That said, no matter how many times you do something, once you do it on film you start to worry if you did it right.

When I did my “How to Germinate Peaches (and Other Stone Fruit)” video back in July I hoped I would have some success, even though I’ve done this before and never had it fail:

After buying the fruit, doing the work to make a nice video and posting it to YouTube… doubts entered my mind.

Could the fruit I chose be sterile? Might the pits fail to germinate and just mold over instead? Should I have cracked the pits first and just taken out the kernels?

Will the universe conspire against me to make everything I do fall into weeping and ashes?

Now I have no idea if I can get an apricot to grow in the tropics but, by golly, I’m going to give it a go. I know it will be fine for the first half-year until it needs a winter dormancy. Maybe I can build a big outdoor fridge! Sprouting apricot pits is just the start… now I actually need to grow the trees.

That said, if my seedling peaches are any indicator, we’re going to do fine with the tree part:

Apricots are one of my favorite dried fruit. I wish I’d tried this with apricot pits back in Florida or Tennessee where I’d have a better chance of getting fruit, but we’ll try tricking them into fruiting here by leaf-stripping during the dry season. It could happen, and if not: well, we pulled off a good demonstration on how to germinate apricots, at least! The other pits haven’t germinated yet but they can take a few months. I’ll bet we get a few more soon.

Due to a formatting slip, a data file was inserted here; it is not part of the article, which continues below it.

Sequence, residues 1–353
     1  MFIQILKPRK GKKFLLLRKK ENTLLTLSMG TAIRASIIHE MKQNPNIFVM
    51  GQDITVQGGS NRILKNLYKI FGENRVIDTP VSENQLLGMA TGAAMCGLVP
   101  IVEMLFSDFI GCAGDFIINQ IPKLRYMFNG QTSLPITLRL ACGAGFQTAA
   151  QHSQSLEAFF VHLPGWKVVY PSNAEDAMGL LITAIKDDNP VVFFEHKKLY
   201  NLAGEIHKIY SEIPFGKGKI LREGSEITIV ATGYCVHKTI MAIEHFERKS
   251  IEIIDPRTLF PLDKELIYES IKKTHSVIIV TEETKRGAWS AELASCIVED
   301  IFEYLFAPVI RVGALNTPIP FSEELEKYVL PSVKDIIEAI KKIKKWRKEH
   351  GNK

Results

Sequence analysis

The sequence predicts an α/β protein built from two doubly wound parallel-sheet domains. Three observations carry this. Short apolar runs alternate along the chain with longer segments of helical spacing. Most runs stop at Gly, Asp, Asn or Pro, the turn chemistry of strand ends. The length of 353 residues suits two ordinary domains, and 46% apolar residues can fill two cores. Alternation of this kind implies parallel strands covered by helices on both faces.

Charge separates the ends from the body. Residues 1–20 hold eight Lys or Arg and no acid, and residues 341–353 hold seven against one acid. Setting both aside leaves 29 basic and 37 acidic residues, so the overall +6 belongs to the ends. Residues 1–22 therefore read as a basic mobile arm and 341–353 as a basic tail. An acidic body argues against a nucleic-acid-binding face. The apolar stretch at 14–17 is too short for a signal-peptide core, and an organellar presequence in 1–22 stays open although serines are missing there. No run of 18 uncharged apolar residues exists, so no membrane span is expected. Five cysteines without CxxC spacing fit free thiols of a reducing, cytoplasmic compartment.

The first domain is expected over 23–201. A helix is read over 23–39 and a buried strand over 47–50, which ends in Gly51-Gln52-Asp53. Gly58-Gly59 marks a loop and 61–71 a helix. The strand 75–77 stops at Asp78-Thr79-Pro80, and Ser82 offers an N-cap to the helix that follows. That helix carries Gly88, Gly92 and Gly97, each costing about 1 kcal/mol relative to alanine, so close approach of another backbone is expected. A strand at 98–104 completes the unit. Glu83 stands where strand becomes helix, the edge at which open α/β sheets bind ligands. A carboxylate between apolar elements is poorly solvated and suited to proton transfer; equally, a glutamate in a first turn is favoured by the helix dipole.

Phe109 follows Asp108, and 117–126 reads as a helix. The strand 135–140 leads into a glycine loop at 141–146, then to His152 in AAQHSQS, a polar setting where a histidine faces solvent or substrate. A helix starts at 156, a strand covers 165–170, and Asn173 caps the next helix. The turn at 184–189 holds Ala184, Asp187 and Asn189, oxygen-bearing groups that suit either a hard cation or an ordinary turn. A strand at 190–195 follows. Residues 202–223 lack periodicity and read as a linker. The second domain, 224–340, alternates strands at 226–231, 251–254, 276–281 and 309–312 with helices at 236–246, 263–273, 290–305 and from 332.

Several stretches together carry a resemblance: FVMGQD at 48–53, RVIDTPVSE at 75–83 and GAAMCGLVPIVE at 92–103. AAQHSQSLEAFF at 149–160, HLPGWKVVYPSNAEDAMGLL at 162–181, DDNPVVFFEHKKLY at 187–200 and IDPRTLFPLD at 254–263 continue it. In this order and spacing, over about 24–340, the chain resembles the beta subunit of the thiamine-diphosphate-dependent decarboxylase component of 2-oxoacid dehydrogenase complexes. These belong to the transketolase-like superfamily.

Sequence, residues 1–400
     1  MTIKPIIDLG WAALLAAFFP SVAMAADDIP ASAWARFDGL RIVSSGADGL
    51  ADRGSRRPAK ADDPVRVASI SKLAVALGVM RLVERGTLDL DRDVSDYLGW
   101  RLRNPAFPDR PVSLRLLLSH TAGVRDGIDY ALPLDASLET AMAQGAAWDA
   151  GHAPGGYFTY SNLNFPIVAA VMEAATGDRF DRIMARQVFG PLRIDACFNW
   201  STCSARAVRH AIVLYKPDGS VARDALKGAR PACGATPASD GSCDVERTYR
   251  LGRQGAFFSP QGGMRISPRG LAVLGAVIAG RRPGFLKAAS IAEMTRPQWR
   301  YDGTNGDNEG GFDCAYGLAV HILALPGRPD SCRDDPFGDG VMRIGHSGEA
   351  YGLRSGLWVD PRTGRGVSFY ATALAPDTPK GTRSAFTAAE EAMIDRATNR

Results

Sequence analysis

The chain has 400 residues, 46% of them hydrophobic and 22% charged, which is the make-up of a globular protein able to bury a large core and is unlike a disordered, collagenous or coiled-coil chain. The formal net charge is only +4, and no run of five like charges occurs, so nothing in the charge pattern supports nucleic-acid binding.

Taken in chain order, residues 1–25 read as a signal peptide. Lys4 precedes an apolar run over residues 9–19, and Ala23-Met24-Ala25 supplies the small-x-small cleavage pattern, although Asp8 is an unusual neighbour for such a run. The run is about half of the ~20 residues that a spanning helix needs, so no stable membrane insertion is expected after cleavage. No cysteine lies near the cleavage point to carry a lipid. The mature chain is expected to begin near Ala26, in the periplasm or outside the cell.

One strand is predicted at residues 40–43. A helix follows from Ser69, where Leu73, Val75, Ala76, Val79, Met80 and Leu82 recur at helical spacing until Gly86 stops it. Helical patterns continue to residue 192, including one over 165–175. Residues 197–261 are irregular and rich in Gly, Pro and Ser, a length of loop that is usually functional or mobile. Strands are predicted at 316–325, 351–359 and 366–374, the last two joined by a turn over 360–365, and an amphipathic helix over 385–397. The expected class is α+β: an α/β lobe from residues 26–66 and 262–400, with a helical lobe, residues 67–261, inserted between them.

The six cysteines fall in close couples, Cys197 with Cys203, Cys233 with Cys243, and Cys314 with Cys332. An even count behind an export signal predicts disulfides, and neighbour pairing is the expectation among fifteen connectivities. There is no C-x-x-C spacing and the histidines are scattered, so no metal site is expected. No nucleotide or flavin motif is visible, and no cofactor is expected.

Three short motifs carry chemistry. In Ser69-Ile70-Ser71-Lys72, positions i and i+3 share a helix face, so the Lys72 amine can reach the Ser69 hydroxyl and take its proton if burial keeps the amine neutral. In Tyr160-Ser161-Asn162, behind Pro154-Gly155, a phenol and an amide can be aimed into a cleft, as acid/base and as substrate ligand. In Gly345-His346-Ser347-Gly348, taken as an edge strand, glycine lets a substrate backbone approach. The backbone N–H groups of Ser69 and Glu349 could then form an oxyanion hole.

Apricot Nectar/Apricot Puree

Stem, wash, drain, peel, and remove pits if necessary. Measure fruit into large saucepan, crushing slightly if desired. Add 1 cup hot water for each quart of fruit. Cook slowly until fruit is soft, stirring frequently. Press through sieve or food mill. If desired for flavor, add sugar to taste. Return pulp to boil or heat until sugar dissolves. Fill clean jars, leaving 1/2 inch headspace.

Adjust lids and process. Remember to use processing time for local altitude (see chart below). Process either by boiling water bath or by pressure canning.

Preparing and Using Syrups

В Measures of Water and Sugar В
For 9-Pint Load* For 7-Quart Load